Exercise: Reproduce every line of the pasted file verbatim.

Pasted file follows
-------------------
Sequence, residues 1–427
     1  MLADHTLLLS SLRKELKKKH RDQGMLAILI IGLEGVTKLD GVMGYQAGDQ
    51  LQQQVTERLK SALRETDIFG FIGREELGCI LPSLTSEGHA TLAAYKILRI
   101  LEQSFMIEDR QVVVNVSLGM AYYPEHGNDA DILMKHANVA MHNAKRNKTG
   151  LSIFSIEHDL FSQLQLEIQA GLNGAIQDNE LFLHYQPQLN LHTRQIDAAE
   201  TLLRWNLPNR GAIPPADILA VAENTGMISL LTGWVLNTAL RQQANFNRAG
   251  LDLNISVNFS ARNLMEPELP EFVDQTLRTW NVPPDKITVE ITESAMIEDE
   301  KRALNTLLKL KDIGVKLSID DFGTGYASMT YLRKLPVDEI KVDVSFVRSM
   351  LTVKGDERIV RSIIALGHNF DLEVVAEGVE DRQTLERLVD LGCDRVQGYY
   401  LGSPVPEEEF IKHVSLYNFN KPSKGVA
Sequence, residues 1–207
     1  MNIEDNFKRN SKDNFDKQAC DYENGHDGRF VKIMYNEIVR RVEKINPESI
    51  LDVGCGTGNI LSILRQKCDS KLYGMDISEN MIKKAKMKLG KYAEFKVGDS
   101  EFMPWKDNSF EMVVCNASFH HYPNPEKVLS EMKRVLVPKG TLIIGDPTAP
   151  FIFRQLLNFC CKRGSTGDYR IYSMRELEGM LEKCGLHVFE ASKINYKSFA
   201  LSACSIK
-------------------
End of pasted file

Sequence, residues 1–427
     1  MLADHTLLLS SLRKELKKKH RDQGMLAILI IGLEGVTKLD GVMGYQAGDQ
    51  LQQQVTERLK SALRETDIFG FIGREELGCI LPSLTSEGHA TLAAYKILRI
   101  LEQSFMIEDR QVVVNVSLGM AYYPEHGNDA DILMKHANVA MHNAKRNKTG
   151  LSIFSIEHDL FSQLQLEIQA GLNGAIQDNE LFLHYQPQLN LHTRQIDAAE
   201  TLLRWNLPNR GAIPPADILA VAENTGMISL LTGWVLNTAL RQQANFNRAG
   251  LDLNISVNFS ARNLMEPELP EFVDQTLRTW NVPPDKITVE ITESAMIEDE
   301  KRALNTLLKL KDIGVKLSID DFGTGYASMT YLRKLPVDEI KVDVSFVRSM
   351  LTVKGDERIV RSIIALGHNF DLEVVAEGVE DRQTLERLVD LGCDRVQGYY
   401  LGSPVPEEEF IKHVSLYNFN KPSKGVA
Sequence, residues 1–207
     1  MNIEDNFKRN SKDNFDKQAC DYENGHDGRF VKIMYNEIVR RVEKINPESI
    51  LDVGCGTGNI LSILRQKCDS KLYGMDISEN MIKKAKMKLG KYAEFKVGDS
   101  EFMPWKDNSF EMVVCNASFH HYPNPEKVLS EMKRVLVPKG TLIIGDPTAP
   151  FIFRQLLNFC CKRGSTGDYR IYSMRELEGM LEKCGLHVFE ASKINYKSFA
   201  LSACSIK